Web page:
Apr 30, 2019
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In large markets – such as New York, Las Vegas, Chicago or San Francisco – there is always huge, untapped demand for beverage consultants to advise on cocktail menus and help with the strategic and tactical issues involved with starting a new cocktail program. What about in smaller markets? There, it may be harder to find consulting clients. If you are looking for ways to get involved with beverage consulting in smaller markets, here is what you need to know.
Some of the best resources that you can use to find potential clients are regional and national spirits brands salespeople. These sales reps know which restaurants and bars are opening in advance, which gives you plenty of extra time to make your pitch before the competition. They also know which on-premise establishments are most likely to need a beverage consultant. So, now is the time to start networking, both online and in person. Look for sales professionals from companies like Southern Glazer’s Wines & Spirits.
Once you have identified a few potential targets, that is the time when it is crucial that you find out as much as possible about both the needs and capabilities of the establishment. Are they looking for certain types of spirits to add to the menu? What is their core clientele? What is their current staffing situation? This will help you craft your pitch to what they are looking for.
It can be helpful here to produce a list of potential services that you can offer, as well as suggested pricing for those services. And you will also want to develop a shortlist of questions that you can ask any client, regardless of size, such as, “What style of cocktail are you looking to serve?”
The easiest way to get a feel for the lay of the land is by stopping in and having drinks at different on-premise establishments around town. While doing this reconnaissance, you will want to combine a mix of dive bars, chain restaurants and high-end, sophisticated restaurants. This will let you see at a glance what the competition is, what type of pricing exists, and what the potential clientele will be.
Often, you’ll be able to distinguish local differences that make smaller markets much different than larger markets. For example, you might find that, instead of serving 12-ounce cocktails, patrons are requesting larger, more generous cocktails (such as 34-ounce party margaritas served in oversized glasses). And you’ll also have to determine whether the locals will embrace esoteric wine varietals or exotic spirits. It could be the case that the same exotic spirits that you used in your previous consulting gig are not going to be as successful in a much smaller market.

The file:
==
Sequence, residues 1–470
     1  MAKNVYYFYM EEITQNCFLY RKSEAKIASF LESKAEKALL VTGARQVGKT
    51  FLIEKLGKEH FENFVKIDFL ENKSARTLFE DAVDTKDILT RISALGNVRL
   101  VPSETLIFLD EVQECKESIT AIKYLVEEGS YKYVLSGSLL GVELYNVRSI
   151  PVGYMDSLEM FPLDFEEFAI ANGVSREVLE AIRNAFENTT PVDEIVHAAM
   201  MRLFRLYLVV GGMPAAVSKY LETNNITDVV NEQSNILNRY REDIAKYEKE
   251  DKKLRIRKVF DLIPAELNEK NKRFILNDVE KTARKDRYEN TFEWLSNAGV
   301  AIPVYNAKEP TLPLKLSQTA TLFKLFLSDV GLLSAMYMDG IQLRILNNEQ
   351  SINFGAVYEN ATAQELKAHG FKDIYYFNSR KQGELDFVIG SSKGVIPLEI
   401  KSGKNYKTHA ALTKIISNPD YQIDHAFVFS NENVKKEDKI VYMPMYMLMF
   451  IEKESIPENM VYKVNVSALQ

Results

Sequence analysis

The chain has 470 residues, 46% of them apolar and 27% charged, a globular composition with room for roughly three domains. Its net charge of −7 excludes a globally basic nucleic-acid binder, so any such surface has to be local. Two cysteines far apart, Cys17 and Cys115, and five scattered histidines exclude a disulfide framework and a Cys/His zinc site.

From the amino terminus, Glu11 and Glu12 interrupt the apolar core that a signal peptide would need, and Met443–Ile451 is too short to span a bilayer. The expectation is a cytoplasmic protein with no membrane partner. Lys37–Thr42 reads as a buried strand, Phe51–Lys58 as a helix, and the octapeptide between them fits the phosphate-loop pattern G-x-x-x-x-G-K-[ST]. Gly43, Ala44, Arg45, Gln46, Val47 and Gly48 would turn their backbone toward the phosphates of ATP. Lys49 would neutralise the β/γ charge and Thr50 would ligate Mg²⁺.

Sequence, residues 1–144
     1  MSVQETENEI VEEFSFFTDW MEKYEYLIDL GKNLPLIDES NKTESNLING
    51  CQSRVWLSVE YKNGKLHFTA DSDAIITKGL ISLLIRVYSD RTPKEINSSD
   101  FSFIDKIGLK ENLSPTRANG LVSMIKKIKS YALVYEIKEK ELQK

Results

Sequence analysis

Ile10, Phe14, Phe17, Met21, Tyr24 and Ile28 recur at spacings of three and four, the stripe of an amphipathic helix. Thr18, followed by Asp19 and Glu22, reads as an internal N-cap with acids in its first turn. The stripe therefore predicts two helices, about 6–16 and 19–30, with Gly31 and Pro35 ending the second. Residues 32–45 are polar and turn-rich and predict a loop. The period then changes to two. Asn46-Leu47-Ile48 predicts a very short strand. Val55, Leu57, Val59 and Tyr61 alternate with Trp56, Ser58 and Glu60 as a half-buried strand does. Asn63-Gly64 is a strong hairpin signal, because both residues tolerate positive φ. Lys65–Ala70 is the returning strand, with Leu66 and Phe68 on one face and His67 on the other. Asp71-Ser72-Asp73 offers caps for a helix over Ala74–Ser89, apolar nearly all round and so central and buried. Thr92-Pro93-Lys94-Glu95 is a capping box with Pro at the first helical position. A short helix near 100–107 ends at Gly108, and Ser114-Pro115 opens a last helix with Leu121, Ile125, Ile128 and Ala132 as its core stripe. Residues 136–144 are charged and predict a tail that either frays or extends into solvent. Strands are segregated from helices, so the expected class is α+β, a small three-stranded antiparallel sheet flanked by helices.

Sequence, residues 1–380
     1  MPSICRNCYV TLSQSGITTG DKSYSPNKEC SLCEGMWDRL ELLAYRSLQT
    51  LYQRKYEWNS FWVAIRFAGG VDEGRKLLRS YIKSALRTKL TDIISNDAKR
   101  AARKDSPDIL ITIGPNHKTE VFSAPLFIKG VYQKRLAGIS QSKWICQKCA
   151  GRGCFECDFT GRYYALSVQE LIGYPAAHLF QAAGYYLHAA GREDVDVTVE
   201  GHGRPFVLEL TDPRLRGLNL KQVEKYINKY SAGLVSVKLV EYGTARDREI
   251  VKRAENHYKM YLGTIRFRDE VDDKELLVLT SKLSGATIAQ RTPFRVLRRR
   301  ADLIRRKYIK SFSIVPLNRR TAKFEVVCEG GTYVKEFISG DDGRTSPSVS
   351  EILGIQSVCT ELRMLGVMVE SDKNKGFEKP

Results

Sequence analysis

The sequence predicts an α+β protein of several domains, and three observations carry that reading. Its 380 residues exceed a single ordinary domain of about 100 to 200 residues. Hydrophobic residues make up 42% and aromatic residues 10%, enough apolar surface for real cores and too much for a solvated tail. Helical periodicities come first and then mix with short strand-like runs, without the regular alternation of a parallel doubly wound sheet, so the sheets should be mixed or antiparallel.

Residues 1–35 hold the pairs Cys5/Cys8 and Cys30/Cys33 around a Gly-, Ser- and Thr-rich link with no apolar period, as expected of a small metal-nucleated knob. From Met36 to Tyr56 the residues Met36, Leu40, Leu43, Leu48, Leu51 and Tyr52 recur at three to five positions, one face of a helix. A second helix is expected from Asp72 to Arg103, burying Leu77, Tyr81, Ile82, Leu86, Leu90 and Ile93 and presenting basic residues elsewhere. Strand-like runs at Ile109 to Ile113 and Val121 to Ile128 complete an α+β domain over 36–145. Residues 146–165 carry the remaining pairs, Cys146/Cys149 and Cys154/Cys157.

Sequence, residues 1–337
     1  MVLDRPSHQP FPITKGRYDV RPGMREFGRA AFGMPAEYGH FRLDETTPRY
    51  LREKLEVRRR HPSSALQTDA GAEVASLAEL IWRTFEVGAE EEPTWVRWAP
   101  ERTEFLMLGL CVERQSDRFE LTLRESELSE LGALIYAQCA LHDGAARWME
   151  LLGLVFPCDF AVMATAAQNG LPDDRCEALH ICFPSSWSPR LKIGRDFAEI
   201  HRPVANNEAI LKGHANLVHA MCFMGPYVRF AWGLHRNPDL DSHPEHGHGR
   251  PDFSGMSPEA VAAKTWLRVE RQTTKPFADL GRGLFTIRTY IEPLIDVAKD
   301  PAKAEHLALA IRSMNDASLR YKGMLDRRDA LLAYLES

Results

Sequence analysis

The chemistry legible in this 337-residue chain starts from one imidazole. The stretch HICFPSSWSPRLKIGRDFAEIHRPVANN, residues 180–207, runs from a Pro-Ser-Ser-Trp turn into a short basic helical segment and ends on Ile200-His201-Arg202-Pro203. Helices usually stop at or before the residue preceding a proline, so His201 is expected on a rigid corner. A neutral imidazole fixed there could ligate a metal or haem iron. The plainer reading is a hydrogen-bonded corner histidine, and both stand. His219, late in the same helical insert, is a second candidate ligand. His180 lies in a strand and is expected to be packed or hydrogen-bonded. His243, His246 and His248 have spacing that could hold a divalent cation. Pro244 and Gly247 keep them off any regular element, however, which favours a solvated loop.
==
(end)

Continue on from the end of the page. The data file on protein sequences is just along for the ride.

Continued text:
By this point, you’ve probably started to develop some pretty good ideas about the types of cocktails that you would like to offer, as well as which ingredients will be required. In large markets, it might not even be an issue to think about ingredients, but it could turn into a much larger issue in smaller markets. Simply put, certain fruits or vegetables may be impossible to source (especially if they are out of season), and small production or craft spirits may be exorbitantly expensive to order.
To help matters, it’s best to meet the local purveyors and local distributors. Find out how products make their way to market. That way, if you are in desperate need of fresh cilantro to cap off an amazing cocktail, you will know exactly where to find it, and how to source it at the most attractive price.
The next step in putting your new cocktail program into action is making sure you have the right talent behind the bar to make your amazing new cocktail creations. Smaller markets tend to have a shorter supply of top talent, so you might need to attract talent from other, larger markets where you have already worked.
The two positions that you will need to pay particular attention to are Head Bartender and Beverage Manager. While different establishments might have different names for these positions, the idea here is simple: people making the cocktails and people in charge of ordering new spirits to replenish the supply should both be on the same page when it comes to rolling out a new cocktail program.
In smaller markets, one common tactic is simply to hire the “hot bartender” that you’ve perhaps already encountered on your visits to the local watering holes. With a little training, you can transform any restaurant staff into expert, knowledgeable servers who will be able to talk intelligently about the ingredients in each cocktail, as well as the specific technique used to make them.
You really cannot under-estimate the amount of training that might be required here. For example, the general rule of thumb is to allocate at least three days of training. Even experienced bartenders may not know all the ins and outs of serving and pouring certain cocktails, and you want to make sure that each cocktail is created exactly the same way that you envision them.
As a final note, be aware that pricing for cocktail consulting in smaller markets is much softer than in larger markets. Here, you should expect to receive anywhere from 10% to 20% less than if you were consulting with a large client in a city like Las Vegas. Just don’t accept an offer that is obviously uncompetitive or below market value. You deserve to be paid fully for your time, talent and experience.
There is definitely a difference between cocktail consulting in smaller markets and cocktail consulting larger markets. You will soon discover that there are pros and cons to both. But the good news is that everything you learn in one market can easily be applied to any other market, large or small. Be flexible in your approach, keep your eyes open for new trends and new tactics, and you will be successful in your new role as a cocktail consultant.